Researchers have confirmed that stress can negatively impact your immune system. To fully understand how stress affects your immune system, let’s explore how your immune system works, what happens to your bodies when it’s stressed, how to manage stress and how to boost your immune system.
The immune system is your body’s defense system and essential to your survival. To function properly, your immune system must detect invaders, such as viruses, and distinguish them from your own healthy cells.
Parts of the Human Immune System
Mucous membranes secrete mucus, which has protective antibodies. Mucous membranes are in the areas which are prime entry points for invaders: mouth, nose, eyelids, windpipe, and lungs.
Your tonsils stop invaders entering your body through your mouth or your nose as they contain a lot of white blood cells responsible for killing germs.
Your lymphatic system is a network of vessels and nodes that transports and filters lymph fluid containing antibodies and white blood cells.
Some of your white cells mature in the thymus.
Lymph nodes are where white blood cells sample information brought in from your body. If they recognize invaders, they will eliminate the invaders.
Your spleen processes information from your bloodstream. White blood cells are enriched in specific areas of the spleen, and upon recognizing invaders, they will respond accordingly.
Your bone marrow contains stem cells that can develop into white blood cells that are important first-line responders to infection.
Key Player in the Immune System
White Blood Cells:
White blood cells are on constant patrol, looking for invaders. Once an invader is found, the white blood cells eliminate it. White blood cells also remember each novel invader encountered, so as to more quickly eliminate future attacks by that invader.
The skin is usually the first line of defense. Skin cells produce important antimicrobial proteins. In addition to the mucous membrane, tears and saliva protect your body where there are openings in your skin as they contain an enzyme that breaks down the cell wall of many bacteria.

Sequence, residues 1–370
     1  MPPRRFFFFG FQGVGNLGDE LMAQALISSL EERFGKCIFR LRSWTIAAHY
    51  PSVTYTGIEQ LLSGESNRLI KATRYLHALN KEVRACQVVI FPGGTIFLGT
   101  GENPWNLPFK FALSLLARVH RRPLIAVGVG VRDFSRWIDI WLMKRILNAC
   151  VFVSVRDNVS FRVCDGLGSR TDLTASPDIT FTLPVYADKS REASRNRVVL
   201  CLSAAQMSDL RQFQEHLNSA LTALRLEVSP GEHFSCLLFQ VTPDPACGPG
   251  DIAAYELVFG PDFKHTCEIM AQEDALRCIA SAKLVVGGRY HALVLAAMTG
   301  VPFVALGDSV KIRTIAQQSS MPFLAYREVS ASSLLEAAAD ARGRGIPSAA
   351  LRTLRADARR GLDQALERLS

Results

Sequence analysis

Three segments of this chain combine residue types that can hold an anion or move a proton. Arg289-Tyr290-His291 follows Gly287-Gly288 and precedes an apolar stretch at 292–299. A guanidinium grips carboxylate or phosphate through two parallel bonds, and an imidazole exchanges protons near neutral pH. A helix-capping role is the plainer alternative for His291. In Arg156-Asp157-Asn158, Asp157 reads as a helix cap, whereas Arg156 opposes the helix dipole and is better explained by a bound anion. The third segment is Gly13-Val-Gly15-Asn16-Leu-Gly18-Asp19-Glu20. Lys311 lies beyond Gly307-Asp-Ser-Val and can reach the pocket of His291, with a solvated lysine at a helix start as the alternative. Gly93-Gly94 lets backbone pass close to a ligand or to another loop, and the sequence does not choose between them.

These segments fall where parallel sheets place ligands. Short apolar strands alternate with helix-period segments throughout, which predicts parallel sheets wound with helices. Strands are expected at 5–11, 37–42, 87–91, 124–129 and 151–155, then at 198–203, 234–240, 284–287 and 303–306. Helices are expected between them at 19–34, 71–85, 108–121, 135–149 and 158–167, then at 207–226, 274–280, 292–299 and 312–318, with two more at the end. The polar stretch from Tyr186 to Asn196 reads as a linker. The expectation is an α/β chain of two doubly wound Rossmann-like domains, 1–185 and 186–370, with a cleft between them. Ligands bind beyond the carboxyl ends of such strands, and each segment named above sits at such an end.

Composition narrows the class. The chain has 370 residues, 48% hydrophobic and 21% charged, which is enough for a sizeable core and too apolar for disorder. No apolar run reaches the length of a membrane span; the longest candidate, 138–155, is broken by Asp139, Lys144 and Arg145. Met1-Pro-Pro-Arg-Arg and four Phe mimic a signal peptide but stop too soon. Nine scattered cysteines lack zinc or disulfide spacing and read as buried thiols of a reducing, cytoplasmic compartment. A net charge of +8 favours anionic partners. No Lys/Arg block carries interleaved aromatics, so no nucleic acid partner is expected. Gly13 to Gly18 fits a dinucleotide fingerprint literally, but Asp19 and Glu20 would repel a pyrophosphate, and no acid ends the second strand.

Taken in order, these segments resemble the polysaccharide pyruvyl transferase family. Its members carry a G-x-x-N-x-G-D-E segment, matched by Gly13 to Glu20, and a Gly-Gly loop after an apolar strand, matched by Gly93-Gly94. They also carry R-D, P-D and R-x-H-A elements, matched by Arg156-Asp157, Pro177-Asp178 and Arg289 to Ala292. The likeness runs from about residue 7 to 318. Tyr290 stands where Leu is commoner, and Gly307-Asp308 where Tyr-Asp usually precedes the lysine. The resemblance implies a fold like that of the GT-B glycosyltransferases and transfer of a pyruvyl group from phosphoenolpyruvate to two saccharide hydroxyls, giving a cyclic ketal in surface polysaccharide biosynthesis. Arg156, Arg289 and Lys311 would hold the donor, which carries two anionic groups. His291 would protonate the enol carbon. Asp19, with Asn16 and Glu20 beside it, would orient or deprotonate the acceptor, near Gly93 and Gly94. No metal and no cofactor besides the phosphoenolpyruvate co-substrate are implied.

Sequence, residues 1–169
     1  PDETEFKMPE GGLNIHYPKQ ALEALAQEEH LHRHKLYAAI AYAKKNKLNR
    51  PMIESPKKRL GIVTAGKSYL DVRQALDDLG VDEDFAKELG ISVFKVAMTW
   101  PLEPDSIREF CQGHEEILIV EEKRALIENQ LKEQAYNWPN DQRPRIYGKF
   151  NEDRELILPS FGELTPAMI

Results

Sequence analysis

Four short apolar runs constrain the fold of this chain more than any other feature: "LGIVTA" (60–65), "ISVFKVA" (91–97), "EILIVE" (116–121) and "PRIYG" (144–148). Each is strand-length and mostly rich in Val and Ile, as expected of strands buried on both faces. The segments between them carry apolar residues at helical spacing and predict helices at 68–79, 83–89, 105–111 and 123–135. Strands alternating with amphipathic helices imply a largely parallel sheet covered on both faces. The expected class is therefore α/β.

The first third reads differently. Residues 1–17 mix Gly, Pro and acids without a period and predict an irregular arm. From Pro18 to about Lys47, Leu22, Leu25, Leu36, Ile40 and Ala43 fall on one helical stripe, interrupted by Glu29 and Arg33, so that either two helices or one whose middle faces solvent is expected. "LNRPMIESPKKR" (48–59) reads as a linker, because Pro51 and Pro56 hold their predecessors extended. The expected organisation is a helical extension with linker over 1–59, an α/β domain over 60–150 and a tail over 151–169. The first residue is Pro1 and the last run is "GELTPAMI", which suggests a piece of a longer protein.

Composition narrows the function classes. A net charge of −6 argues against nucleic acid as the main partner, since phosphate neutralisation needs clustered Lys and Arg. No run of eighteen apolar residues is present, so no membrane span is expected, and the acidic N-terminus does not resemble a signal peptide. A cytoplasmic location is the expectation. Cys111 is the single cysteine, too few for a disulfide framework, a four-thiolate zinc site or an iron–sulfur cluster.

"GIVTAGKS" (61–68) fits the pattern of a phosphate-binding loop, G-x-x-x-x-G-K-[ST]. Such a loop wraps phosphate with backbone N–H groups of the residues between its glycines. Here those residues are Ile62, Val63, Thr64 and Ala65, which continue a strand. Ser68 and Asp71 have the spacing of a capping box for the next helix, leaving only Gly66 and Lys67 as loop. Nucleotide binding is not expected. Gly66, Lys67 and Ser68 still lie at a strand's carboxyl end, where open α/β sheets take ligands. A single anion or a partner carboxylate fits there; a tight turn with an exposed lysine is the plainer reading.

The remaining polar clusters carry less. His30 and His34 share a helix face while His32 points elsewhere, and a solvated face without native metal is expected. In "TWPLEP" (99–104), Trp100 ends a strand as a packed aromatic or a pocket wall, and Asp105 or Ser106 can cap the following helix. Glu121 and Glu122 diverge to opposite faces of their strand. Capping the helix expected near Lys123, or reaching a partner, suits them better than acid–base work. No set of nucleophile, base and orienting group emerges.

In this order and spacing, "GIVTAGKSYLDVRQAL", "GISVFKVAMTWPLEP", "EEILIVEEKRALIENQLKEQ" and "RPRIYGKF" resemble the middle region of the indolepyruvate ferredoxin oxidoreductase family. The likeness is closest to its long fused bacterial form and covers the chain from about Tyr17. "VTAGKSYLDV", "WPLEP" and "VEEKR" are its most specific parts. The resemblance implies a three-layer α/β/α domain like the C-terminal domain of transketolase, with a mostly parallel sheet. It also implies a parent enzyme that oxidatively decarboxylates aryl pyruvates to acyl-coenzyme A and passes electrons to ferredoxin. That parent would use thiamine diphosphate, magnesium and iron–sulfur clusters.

In addition to enabling us to obtain needed oxygen and getting rid of carbon dioxide, our lungs have an important immunity role. Mucus is secreted which keeps the airways moist and traps unwanted particles that have been inhaled. The lungs remove unwanted debris by either sending it to the gut or coughing it out. The lungs also contain specialized white blood cells that destroy foreign particles in the lungs.
Your gut has to deal with the pathogens in everything you ingest.
We are all born with some level of immunity, such as skin and mucous membranes. If an invader manages to dodge the innate immune system, adaptive or acquired immunity kicks in.
Adaptive (acquired) immunity
This develops as we go through life. As we are exposed to diseases or get vaccinated, we build up antibodies to different invaders. An immunization introduces weakened invaders in such a way that we do not become sick but still produce antibodies. Because your body saves copies of the antibodies, it is protected if the threat should reappear later in life.
Mind-Body Connection with Immune System
Do different mental states affect how our bodies function? Emerging evidence is supporting a mind-body connection. In recent years, research has suggested that emotions like stress and worry, when they persist long-term, can negatively affect our immune system. As seen in research with college students, chronic feelings of stress reduce our immunity.